Prime Minister Scott Morrison has emerged from Friday’s national cabinet meeting with a three-step plan to achieve a COVID-safe economy and society.
In a detailed press conference, Mr Morrison explained that the goal would be to move through all three of these steps to move to a COVID-safe economy by July this year.
“In this plan, we walk before we run,” Mr Morrison said. “We know we need to be careful to preserve our gains, if we wish to reclaim the ground we lost, we cannot be too timid.
“There will be risks. There will be challenges. There will be outbreaks, there will be more cases, there will be setbacks. Not everything will go to plan.”
Step one of the three-point plan will enable greater connection with friends and family.
Things that will be allowed include:
- gatherings of up to 10 people, and five guests in your own home
- children back in classrooms and in playgrounds in their communities
- recreational activities such as golf, lap swimming and boot camps
- retail and small cafes and restaurants reopening
- interstate recreational travel starting again
- an easing of restrictions for funerals with up to 30 attendees, outdoors, and 10 at weddings.
Step two will allow larger-size gatherings of up to 20 people, including for venues such as cinemas and galleries, and more retail openings.
Step three will see gatherings of up to 100 people, but the timing will depend on the success of the previous steps.
Mr Morrison explained that it was hoped Australia would progress through these three stages by July, but the responsibility for the pace of implementation would be up to the individual states and territories.
“They’ll be responsible for setting their own timetable and communicating that to their citizens and residents in their own states and territories,” Mr Morrison said.
“Premiers and chief ministers have asked me to stress there should be no expectation of step one starting on day one. Unless they are indeed already there. Moving on these steps will take some preparation.”
Movement from step to step will depend on medical evidence that suggests further easing will not present an undue risk, that widespread testing is identifying community transmission and, thirdly, public health actions are able to trace cases and trap local outbreaks.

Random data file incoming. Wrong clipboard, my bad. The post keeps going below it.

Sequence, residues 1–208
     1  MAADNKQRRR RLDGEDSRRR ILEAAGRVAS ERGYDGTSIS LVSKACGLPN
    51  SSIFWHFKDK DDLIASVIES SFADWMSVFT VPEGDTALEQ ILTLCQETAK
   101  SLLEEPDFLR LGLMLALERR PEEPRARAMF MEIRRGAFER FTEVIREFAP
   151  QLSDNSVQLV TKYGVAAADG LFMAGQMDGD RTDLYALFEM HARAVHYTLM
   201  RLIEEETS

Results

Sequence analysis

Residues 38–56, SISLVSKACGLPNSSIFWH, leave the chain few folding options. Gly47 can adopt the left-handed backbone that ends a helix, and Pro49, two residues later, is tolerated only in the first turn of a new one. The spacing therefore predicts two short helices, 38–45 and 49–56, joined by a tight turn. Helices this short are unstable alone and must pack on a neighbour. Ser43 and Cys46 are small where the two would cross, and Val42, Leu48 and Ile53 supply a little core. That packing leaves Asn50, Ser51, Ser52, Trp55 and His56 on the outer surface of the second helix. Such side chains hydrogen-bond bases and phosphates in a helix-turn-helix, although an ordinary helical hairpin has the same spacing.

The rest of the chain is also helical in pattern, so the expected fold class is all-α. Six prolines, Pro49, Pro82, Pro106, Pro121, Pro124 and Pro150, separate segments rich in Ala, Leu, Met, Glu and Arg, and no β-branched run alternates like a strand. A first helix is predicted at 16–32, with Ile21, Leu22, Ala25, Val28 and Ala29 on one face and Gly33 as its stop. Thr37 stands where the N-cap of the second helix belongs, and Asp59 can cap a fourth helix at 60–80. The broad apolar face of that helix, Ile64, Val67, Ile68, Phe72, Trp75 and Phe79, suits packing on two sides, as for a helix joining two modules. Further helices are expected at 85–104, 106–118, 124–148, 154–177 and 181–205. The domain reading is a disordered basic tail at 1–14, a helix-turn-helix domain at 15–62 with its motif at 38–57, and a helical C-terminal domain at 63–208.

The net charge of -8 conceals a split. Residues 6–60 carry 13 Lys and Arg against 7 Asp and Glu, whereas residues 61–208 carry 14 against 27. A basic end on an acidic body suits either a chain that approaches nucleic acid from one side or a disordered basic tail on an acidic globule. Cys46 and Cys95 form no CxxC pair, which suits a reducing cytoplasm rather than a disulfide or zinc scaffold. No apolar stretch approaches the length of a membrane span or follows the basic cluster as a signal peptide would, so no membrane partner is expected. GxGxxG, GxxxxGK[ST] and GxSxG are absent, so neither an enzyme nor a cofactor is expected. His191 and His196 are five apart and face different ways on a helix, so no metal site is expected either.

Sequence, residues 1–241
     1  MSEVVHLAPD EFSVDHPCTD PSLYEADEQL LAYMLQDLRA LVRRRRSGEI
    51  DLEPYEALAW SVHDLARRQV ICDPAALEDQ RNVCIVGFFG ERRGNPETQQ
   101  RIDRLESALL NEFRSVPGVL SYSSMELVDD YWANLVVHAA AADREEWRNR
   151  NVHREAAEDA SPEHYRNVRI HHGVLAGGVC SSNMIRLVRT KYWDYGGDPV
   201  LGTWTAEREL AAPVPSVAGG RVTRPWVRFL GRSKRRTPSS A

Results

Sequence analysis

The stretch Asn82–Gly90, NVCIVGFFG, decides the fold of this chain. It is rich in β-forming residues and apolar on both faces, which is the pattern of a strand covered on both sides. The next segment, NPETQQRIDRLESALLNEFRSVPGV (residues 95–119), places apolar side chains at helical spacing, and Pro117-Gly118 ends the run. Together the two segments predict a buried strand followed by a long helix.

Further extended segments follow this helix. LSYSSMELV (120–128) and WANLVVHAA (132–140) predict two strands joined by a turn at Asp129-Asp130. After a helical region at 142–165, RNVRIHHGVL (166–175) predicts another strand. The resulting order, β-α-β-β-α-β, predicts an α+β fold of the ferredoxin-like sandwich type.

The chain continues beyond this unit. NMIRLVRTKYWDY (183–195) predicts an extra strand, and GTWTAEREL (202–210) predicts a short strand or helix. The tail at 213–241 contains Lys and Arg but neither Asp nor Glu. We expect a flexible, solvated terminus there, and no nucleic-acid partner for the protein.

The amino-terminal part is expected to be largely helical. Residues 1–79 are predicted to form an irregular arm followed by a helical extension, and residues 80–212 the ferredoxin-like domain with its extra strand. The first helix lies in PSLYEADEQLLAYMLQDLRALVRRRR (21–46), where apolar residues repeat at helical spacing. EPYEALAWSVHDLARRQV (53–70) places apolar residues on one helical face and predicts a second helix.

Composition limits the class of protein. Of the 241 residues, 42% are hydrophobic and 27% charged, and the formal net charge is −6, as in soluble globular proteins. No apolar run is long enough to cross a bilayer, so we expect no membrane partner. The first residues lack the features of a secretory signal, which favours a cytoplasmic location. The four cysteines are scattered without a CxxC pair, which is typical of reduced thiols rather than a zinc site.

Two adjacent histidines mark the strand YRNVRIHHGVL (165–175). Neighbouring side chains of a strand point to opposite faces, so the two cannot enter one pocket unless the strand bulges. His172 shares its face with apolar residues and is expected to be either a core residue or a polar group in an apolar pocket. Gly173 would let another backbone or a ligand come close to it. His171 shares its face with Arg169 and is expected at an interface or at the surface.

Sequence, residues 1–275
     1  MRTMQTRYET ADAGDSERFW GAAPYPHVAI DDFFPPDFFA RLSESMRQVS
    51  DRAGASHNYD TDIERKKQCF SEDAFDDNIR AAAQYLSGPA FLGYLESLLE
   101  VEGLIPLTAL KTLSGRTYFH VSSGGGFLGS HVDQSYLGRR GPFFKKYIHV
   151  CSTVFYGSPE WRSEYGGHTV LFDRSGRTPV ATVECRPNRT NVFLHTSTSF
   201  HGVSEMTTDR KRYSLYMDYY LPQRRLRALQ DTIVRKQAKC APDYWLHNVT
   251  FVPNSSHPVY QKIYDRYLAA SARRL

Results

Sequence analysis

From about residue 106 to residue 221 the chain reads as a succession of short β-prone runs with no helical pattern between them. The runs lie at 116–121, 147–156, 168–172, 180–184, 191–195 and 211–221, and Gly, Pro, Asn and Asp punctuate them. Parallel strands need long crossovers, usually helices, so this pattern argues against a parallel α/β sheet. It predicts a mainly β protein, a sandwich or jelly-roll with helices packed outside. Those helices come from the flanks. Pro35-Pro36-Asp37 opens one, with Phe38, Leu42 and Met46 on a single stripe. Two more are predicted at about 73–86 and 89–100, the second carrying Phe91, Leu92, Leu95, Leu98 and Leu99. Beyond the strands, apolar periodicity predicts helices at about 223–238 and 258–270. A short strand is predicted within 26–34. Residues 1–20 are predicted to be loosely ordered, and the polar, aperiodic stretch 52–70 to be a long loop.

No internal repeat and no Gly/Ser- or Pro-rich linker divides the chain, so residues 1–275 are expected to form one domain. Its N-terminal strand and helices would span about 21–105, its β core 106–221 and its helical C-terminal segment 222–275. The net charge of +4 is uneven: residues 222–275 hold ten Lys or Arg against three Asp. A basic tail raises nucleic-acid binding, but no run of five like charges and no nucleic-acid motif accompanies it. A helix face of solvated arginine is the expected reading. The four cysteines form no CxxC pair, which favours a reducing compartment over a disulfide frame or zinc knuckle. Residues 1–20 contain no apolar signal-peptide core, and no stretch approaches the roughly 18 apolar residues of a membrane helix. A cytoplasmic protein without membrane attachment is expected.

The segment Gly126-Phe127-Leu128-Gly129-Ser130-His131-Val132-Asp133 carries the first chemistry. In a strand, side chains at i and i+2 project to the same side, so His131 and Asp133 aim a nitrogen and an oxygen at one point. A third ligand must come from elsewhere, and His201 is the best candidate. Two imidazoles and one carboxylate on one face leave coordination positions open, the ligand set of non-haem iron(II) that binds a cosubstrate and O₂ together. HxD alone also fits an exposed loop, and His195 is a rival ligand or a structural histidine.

Commonwealth chief health officer Brendan Murphy said Australia was in a good position, but it was important not to lose those gains.
“There’s not many countries in the world like Australia … in a position to start gently relaxing measures with such low case numbers,” Dr Murphy said.
“We don’t want to lose the control we’ve got. We want to make sure that outbreaks that occur are managed and controlled.”
In other news, opposition leader Anthony Albanese blasted the government over its early access to the superannuation scheme, with alleged fraud depriving many Australians of their retirement savings.
The government has now suspended access to the early release scheme, but Mr Albanese said this problem was entirely predictable.
“When the government unwisely chose to allow early access to superannuation withdrawal, which will, of course, damage people’s entitlements when it comes to their retirement, which will reduce the liquidity of superannuation funds, and distort the market investments that are made in the future by superannuation, Labor warned about the potential for fraud,” Mr Albanese said.
“Not only Labor, but the superannuation industry wrote to the minister on 1 May, on the very day that this fraud was uncovered, the minister wrote back and said ‘nothing to see here’.
“It’s very clear that this suspension is not only necessary, it could have been foreseen and, indeed, was foreseen by the superannuation industry and by Labor when we raised these issues in the national parliament.”
Mr Albanese also said the economy was unlikely to ‘snap back’ after reading the information in the Reserve Bank’s May statement.
“What the Reserve Bank estimates is that unemployment will hit 10 per cent,” Mr Albanese said. “That real household disposable income will fall by 8 per cent in June, but it will also fall by 8 per cent in December.
“What we’re looking at here is long-term impact on living standards of Australians as a result of the coronavirus crisis. And the government needs to acknowledge the idea of snapback is simply not going to work.
“They’ll need to put in place measures that keep people in employment, that promote employment, and that promote economic activity, if we’re not going to have a prolonged downturn.”
What do you think of the revised timeline for the easing of restrictions?
If you enjoy our content, don’t keep it to yourself. Share our free eNews with your friends and encourage them to sign up.